This is part 8 of 11 from “Sustainability: The ‘Embracers’ Seize Advantage,” a report on the findings of the 2010 Sustainability & Innovation Global Executive Study and Research Project.
Beth Springer is not given to overstatements when asked how far she thinks her company has gone in integrating sustainability into its business. “We’ve been on a journey for several years,” she says. “And we’ve reached a point where we have an idea of how we want to proceed and of some of the benefits as well as the challenges.”
It is a realism that helps Clorox make the business case for sustainable development. The company has worked to set goals and metrics for its different business units and functions in areas such as greenhouse gas reduction, solid waste reduction and water reduction, and has introduced “eco-assessments” to assess the risks and opportunities in each of its business units. “It’s come to a level where it’s concrete enough and driven down into the organization so that it’s becoming part of the fabric of the business,” says Clorox’s executive vice president of international and personal care.
Part of the pressure to do so has been internal, from employees who want to work for a company that takes social and environmental responsibilities seriously. “And I think, as is always the case, if you didn’t have a few senior people who took it on as a mission, it wouldn’t happen,” says Springer. However, external forces are at work, not only in the form of consumers and advocacy groups, but also retail customers such as Walmart, which is pushing its sustainability agenda down into global supply chains.
But to overcome any resistance, Springer stresses the need to make the business case in the same way a company would for any strategy. “We treat it that way — it’s not something special that deserves a pass on having a strategic and financial rationale,” she says. “At the same time, it’s not a project we’re undertaking because it’s going to dramatically improve EPS [earning share] in the short term.”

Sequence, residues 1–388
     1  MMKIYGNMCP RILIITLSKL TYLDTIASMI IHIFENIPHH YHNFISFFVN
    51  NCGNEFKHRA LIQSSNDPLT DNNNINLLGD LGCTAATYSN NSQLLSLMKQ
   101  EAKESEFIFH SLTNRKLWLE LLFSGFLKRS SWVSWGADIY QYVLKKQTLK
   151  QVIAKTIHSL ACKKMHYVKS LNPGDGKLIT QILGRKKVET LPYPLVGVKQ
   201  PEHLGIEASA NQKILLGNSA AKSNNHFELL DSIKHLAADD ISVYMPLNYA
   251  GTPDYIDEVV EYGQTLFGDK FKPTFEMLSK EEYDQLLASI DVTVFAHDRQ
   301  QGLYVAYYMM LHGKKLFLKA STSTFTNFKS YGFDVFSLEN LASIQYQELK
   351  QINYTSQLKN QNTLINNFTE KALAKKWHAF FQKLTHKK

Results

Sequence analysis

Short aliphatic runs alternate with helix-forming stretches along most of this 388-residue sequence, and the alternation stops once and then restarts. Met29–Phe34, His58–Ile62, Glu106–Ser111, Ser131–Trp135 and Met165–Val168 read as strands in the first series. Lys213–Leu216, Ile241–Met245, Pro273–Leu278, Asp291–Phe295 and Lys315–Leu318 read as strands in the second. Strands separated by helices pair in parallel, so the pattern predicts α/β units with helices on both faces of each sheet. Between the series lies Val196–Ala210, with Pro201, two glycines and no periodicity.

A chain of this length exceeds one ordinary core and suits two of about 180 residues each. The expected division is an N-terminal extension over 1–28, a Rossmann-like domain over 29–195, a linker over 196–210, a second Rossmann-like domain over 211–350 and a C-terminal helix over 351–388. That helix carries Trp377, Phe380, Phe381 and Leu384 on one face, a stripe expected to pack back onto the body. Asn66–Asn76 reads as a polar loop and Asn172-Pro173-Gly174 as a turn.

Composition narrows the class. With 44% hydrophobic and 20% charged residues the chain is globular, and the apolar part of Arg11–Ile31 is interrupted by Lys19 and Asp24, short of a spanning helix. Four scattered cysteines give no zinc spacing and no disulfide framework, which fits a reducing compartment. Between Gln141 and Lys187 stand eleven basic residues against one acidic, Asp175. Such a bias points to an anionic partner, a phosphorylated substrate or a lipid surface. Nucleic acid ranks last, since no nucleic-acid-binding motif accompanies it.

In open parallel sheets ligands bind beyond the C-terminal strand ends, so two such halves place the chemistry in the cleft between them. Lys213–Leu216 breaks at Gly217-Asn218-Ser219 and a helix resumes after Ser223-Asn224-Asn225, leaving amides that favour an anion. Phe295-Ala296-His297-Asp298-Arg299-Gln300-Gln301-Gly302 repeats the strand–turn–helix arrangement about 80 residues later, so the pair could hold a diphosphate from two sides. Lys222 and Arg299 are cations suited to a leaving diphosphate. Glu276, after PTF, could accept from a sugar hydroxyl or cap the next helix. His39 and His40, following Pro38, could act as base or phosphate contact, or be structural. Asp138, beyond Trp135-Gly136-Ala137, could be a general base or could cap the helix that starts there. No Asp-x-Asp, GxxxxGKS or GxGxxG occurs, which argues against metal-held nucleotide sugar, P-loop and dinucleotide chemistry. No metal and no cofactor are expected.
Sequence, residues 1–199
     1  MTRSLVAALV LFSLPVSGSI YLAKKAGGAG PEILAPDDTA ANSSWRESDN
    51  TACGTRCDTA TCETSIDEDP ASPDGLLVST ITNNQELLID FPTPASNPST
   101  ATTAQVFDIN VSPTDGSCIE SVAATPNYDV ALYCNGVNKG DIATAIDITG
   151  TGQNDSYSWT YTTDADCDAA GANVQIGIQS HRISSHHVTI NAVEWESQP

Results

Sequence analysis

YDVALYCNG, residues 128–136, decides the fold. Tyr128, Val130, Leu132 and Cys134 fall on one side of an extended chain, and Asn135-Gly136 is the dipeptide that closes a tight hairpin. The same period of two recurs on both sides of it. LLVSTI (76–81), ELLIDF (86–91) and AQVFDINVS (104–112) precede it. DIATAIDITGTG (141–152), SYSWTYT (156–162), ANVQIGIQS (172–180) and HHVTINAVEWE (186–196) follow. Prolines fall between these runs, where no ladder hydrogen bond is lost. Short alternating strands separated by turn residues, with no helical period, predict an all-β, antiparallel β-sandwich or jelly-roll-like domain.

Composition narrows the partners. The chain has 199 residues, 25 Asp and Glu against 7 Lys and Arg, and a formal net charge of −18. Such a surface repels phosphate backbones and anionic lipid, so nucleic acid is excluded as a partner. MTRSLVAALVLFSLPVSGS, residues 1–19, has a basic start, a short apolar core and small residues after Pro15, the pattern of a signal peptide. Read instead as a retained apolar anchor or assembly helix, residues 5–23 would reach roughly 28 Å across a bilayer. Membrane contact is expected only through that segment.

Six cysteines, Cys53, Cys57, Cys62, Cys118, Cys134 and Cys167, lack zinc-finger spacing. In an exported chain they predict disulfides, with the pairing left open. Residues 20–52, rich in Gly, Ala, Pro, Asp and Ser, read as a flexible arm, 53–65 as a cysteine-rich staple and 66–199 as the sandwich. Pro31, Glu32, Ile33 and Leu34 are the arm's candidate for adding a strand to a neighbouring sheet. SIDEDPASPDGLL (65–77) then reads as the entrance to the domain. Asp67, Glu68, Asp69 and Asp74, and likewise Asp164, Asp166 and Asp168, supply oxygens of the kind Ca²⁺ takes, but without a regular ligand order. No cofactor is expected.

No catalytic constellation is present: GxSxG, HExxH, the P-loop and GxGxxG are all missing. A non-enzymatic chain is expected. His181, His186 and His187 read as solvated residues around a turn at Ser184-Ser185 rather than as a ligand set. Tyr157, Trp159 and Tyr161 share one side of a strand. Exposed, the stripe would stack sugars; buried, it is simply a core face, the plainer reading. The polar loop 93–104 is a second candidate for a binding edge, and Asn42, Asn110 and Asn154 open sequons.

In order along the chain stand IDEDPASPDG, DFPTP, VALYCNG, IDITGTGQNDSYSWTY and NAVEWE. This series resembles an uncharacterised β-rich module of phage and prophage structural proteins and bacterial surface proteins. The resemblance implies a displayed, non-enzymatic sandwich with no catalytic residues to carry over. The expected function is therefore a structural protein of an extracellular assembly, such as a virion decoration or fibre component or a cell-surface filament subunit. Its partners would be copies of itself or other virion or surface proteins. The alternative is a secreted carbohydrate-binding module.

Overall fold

Even so, Clorox has seen tangible and intangible benefits emerge from making sustainability a priority, and consumer demand has helped it in the repositioning of product lines such as Brita, the launch of Green Works cleaning products and the acquisition and growth of Burt’s Bees all-natural personal care. “Most of our biggest growth opportunities are in capitalizing on consumer megatrends,” explains Springer. Part of this, she says, is the desire to improve health and wellness. “But it’s also about people’s desire for more natural and more sustainable products.”
While the U.S. economic slowdown has dampened growth in Green Work’s and Burt’s, both are still good businesses. “If you can meet category performance requirements, command a bit of a premium and you can commit to continuous cost reduction in those products, then you can make money on natural products,” says Springer.
Ultimately, one of the biggest benefits has been the reaction of employees to the company’s sustainability focus, something Springer saw after the company declared its eco strategy and introduced office sustainability initiatives such as double-sided printing, recycling and using virtual meetings to reduce travel. “They’re totally into it,” she says. “It makes them feel good and like they make a personal difference. They’re proud of the company. And that to me is proof positive that this helps you attract, retain and engage employees.”